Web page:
Texas citizens began rising to the call for statewide energy efficiency when we voted with our consciences and our pocketbooks, replacing millions of our hot-burning, incandescent light bulbs with more efficient compact fluorescent light bulbs. Clearly, we were up to the challenge then and believe now that all of us can do more to help the Lone Star State.
For example, utilities can set more aggressive energy efficiency goals and put programs into place that will reduce the need to use so much electricity. The bills currently being considered in the Legislature require utilities to expand energy efficiency programs to meet 1 percent of peak electricity demand by the end of 2015 and 2 percent of peak electricity demand by 2020. While these goals may seem modest, meeting them would mean saving 1,176 megawatts of electricity as much power as could be generated from two coal-fired power plants.
Utilities can also provide home energy audits that tell us how to increase our efficiency. Based on those audits, we can caulk or replace leaky windows, insulate our attics, repair our duct work, and install programmable thermostats, which allow us to preselect when we use our air conditioners, heaters and water heaters.
Cities can also help the energy efficiency cause by providing some up-front financing for energy-saving improvements. In addition, Texas will soon receive $327 million of federal stimulus funds for weatherization through the Texas Department of Housing & Community Affairs with reporting requirements on green job creation, energy savings and pollution reduction through the use of these funds.
These programs are good for Texas families. Theyre good for the environment and theyre good for the economy. Study after study including a report completed in December 2008 by the Public Utility Commission of Texas shows that Texas can reduce its peak electricity demand and growth in electricity by 23 percent by implementing a variety of energy efficiency measures. The PUC study also found that every dollar spent by Texas on energy efficiency has a three-to-one payback.
But we need action now by Texas legislators to achieve energy efficiencys full potential to meet our states energy challenges. This Legislature can and should continue the important work begun last session, when now-Speaker of the House Joe Straus led energy efficiency legislation.
Energy efficiency is the cheapest, quickest and cleanest way for Texas to meet its power needs. The Texas legislators who are championing these bills this session should be thanked for paving the way for a cleaner, sustainable future. We now call on all of our state legislators to swiftly move these bills out of committees and through floor debates to begin our sustainable future.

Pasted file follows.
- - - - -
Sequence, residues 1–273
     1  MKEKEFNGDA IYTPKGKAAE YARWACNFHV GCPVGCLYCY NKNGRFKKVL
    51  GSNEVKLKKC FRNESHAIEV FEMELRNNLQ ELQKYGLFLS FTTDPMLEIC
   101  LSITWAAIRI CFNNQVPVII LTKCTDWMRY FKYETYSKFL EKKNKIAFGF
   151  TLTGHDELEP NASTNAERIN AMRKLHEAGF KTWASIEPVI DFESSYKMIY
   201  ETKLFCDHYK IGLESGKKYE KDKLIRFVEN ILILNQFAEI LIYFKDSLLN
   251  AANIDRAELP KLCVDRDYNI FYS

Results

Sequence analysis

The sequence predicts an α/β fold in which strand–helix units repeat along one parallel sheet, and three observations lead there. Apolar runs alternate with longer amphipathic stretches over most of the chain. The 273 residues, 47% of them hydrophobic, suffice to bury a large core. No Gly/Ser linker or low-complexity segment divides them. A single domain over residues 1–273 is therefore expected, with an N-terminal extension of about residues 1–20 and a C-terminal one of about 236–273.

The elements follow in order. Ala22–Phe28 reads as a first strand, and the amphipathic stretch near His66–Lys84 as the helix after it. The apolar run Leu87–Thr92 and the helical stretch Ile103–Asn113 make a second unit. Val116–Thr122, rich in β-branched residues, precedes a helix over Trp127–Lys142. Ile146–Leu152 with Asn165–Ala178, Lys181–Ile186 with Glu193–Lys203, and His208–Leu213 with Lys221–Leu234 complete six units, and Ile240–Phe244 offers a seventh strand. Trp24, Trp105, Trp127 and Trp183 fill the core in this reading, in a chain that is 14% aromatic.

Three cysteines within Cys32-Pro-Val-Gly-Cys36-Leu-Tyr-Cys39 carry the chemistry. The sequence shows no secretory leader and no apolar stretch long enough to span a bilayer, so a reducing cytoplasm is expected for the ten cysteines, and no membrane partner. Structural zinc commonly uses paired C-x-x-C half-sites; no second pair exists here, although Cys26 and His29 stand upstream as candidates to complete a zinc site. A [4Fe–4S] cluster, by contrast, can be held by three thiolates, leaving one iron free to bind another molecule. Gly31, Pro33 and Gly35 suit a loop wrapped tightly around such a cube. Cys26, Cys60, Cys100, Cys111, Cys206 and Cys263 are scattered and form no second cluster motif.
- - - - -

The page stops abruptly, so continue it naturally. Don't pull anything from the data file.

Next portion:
What about the costs of government energy-forcing? Instead of enlarging quota requirements, should Texas repeal mandates (these are not infant industries but mature ones that have promised viability for decades)? Blatantly anti-ratepayer, pro-corporate-welfare energy intervention in the post-Enron era deserves a reconsideration. As one study recently opined:
Over the past 10 years, Texas has become a leader in encouraging the development of renewable power. However, the aggressive build-out of wind power in West Texas is projected to
drive up transmission costs [$4.9 billion for starters] for all Texans and create new reliability challenges.
Governor Rick Perry, do you really want Texas to be an Obama energy state? Just because George W. Bush started the mess does not mean you have to complete it.
Where will this case study of political capitalism end?
Is it past time for free-market, consumerist, taxpayer-friendly parties to show up to the “green energy” orgy. Texas lawmakers need counter-education and pressure against the likes of Ken Kramer, Jim Marston, and Smitty Smith.
Non of the greeny pipe-dream “alternative” energy technologies are going to be the panacea they think they are but then again, greenies usually have more money than good sense and can afford just about anything so it’s really a moot point, well, except the maggot-infested unwashed hippie types.
Oh I forgot, those people are now wearing suits and ties and are now ruling our lives with environmental regulations such as: in Texas we are now taxed on our water wells, forget what your deeds say, nope, they’re gonna “save you” you see...
I challenged a envio-wacko about practicing what they preach one day (during the water well taxing scheme “debate”). I asked him to come over. We have a clothesline (always have, my wife prefers it—the dryer gets used in the winter if then), “water saver” shower heads (hard to get wet under the dern things!); the only grass is volunteer if there’s enough rainfall (since we live on a well) but it is kept trimmed and edged. Porches cover E & W side windows and the A/C is used only if temp rises to 90s+. We have two old but serviceable vehicles PAID for and they work fine but they sure won’t impress anyone.
This is not to make an impression, it’s how we live in our 30 year old home in Texas but we’re getting up in age so that’s okay. Before they came over I was going to ask my wife to fill the wash tub and put the scrubbing board in it as if she was going to wash a load of clothes, freak out time.
It panics them when I ask to see their clotheslines, paid for vehicles, water saver fixtures, etc., they KNOW they’re hypocrites. I tell them I also want to see their water saving (since everyone seems to be a water expert these days) toilets, plants and landscaping.
Our legislature only meets once every other year---and the Nannie state legislation coming out of this meeting is painful to see.
Actually, it's none of the above.
Electric generation "capacity" is defined (logically enough) as the rate power can be delivered at any time it's needed.
Wind power, unfortunately, is delivered whenever it dang well pleases.
Therefore, it does not add capacity at all.
It has to be duplicated with conventional power generation facilities.